Calculate how much chlorine (sodium dichloride) you will need. The purpose of the shock is to temporarily raise the free chlorine level to 10 ppm. The shock of a hot tub requires about 2 grams (4 tablespoons) of chlorine per 500 liters of water.
TESTING AND ADJUSTING THE CHLORINE LEVEL IN THE HOT TUBE The chlorine range must be between 1.5 and 3 ppm. Leaving the chlorine powder in the water every other day will usually keep the spa water close at hand, but always make sure you add the correct amount.
Side Effects of High Performance Spas on Your Body Sitting too high in a hot tub can be uncomfortable for spa owners. High concentrations of bromine / chlorine can severely irritate the skin, eyes and respiratory tract. The ideal range for bromine / chlorine is 35 ppm.
For a 300-liter hot tub, 0.7 ounces of granular chlorine stirred at the surface of the water will raise the chlorine level to about 10 ppm. This should be done at a balanced pH (in the low range of 7.27.4) and with the circulation pump running to rapidly deliver the shock.
Use chlorine or bromine to clean the spa.
- If using chlorine, add 2 tablespoons (29.6ml) directly to the hot tub every other day or as recommended to keep chlorine levels between 1.53ppm.
- If you are using bromine, the value on the test strip should be between 3.05.0.
One of the four most commonly tested chemicals in a spa test kit is chlorine / bromine, pH, alkalinity, and calcium hardness. Remember these recommended areas for balanced hot tub water. This is crucial to adding the right chemicals.
Once the spa is filled, it’s time to check the chemical levels. Thermal Water Chemical Procedures
If you hit the spa with a chlorine-free shock, leave it on for 10 minutes before mixing and adding. If you are using granulated chlorine, wait for the chlorine level to return to 5 ppm, which can take up to 24 hours. .
In general, it is recommended to shake the spa once a week, more often in case of heavy use. If your readings are okay but the water is a little cloudy or doesn’t smell good, it’s time to give yourself a shake. You should also give the bathroom a shake if you haven’t used it for a long time.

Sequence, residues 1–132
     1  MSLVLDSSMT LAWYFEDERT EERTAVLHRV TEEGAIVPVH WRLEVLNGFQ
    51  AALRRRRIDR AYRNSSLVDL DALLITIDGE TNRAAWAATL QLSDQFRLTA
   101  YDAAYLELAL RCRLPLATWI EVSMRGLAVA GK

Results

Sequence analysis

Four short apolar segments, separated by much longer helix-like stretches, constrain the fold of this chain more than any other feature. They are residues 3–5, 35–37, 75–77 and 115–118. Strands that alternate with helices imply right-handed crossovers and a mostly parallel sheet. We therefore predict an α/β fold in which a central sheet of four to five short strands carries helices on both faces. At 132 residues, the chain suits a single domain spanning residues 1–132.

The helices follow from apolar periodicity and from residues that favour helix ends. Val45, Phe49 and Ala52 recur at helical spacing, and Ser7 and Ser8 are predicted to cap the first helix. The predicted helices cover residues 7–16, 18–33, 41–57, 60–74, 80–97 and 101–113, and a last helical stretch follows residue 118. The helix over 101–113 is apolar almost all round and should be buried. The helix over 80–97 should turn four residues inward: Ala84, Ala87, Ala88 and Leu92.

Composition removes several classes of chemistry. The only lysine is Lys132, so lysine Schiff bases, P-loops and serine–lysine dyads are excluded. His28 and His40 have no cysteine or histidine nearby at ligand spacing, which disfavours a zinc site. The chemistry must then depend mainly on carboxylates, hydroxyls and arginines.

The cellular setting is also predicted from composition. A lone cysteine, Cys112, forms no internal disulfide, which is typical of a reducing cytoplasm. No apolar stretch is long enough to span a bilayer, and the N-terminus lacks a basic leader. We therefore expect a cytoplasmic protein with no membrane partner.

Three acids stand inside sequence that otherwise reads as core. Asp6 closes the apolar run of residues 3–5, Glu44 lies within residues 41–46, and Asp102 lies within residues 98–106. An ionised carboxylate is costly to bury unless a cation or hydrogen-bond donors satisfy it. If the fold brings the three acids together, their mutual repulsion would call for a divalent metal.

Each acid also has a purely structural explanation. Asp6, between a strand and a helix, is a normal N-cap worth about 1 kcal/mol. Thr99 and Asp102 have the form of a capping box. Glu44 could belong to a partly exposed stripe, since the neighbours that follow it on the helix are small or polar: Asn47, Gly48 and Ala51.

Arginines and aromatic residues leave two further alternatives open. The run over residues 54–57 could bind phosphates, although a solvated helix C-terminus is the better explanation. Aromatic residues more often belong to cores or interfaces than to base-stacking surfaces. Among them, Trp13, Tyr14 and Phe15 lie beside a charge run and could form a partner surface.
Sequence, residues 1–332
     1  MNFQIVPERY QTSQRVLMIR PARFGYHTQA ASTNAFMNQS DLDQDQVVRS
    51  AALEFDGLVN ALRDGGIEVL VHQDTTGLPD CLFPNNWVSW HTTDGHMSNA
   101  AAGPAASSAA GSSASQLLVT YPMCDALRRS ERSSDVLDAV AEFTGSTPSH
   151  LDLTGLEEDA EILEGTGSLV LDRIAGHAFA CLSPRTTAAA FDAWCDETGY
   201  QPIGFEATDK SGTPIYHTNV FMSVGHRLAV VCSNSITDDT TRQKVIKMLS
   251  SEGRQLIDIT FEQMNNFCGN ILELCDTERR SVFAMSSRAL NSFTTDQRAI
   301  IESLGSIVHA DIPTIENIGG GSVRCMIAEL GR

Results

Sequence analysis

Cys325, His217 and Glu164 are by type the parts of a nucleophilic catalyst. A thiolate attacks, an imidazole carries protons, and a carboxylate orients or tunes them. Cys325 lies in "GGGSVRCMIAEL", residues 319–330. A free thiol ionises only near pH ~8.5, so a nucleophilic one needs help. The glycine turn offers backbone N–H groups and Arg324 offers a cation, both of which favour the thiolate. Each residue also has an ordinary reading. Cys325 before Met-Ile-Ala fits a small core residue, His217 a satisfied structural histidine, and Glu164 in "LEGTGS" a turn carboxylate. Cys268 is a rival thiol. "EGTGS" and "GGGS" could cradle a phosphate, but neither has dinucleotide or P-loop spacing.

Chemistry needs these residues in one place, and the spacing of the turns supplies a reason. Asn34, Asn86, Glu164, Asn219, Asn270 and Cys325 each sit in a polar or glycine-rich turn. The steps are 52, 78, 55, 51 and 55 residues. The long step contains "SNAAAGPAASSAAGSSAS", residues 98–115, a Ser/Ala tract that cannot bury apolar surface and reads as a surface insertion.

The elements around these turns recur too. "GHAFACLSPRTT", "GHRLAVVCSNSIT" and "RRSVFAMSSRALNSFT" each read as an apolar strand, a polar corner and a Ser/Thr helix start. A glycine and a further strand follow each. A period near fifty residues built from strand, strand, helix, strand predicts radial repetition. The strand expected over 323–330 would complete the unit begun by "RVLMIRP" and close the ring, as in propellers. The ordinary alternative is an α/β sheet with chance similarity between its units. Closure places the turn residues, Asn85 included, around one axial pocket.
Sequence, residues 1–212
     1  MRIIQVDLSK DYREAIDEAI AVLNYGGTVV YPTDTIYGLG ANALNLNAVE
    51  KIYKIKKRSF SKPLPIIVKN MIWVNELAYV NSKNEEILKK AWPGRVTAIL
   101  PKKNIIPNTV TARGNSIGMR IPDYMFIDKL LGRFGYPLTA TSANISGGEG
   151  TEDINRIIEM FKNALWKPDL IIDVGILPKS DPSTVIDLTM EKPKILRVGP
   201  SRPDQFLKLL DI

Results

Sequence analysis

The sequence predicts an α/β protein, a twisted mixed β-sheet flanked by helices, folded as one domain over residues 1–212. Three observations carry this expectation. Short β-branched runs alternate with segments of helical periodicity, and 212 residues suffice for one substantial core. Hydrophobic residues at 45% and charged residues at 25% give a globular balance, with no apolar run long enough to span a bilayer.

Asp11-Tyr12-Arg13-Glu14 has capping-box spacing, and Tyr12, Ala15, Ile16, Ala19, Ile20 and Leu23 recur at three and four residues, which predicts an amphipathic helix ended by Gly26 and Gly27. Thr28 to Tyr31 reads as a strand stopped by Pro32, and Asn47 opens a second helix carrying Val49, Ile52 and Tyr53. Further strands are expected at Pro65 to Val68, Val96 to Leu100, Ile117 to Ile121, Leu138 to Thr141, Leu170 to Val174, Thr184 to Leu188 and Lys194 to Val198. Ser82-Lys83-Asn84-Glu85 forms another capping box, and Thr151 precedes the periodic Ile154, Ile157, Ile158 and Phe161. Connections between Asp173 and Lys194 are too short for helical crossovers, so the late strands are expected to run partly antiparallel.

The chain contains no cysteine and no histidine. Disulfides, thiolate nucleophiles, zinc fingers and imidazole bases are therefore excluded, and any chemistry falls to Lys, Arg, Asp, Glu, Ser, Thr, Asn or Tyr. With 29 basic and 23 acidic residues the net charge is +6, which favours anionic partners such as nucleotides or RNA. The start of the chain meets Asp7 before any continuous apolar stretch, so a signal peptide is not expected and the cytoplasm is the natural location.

After the metal remover has circulated in the hot tub for at least 46 hours, take a water sample (approximately 30cm deep) for testing. The 4 most common chemicals tested in a spa are chlorine / bromine, pH, alkalinity and calcium hardness.
While shocking and adding algaecides is effective in getting rid of algae, it shouldn’t be done together. This is because when chlorine and algaecide are mixed together, they both become superfluous. Therefore, it is necessary to first shake the pool and wait for the chlorine level to drop below 5 ppm.
It sounds simple: a small hot tub is probably easier to chemically maintain than a large swimming pool. In fact, the opposite is true, especially if your spa is used a lot. The chemical requirements of a spa go far beyond the requirements of a swimming pool.
You’ll never use bleach or regular chlorine or bromine cleaning, but you can use bleach to shake up hot tub water and use diluted bleach to clean an empty hot tub jacket. Just avoid using liquid chlorine, which is designed for swimming pools.
for 200 liters. Buffered Spa Shock: 1 oz. for 300 liters. SpaGuard Enhanced Shock: add 3 tablespoons per 500 liters.
NOTE: The ideal chlorine level for a LayZSpa is 3-5 ppm (parts per million). Remember to always wear gloves when handling chemicals and irritants. Always attach the cover to the LayZSpa when not in use. Always test the water before entering the LayZSpa.
Spa Dosage Chart
Contains 500 g of chlorine in granules for the disinfection of swimming pools and spas, 700 g PH Plus to increase the pH value of the pool and spa water, 700 g of PH less to lower the pH value of the water of the spa. pool and spa, 500 ml algaecide for the prevention and control of algae and 25 test strips for testing total alkalinity, chlorine and pH.
Adding chemicals correctly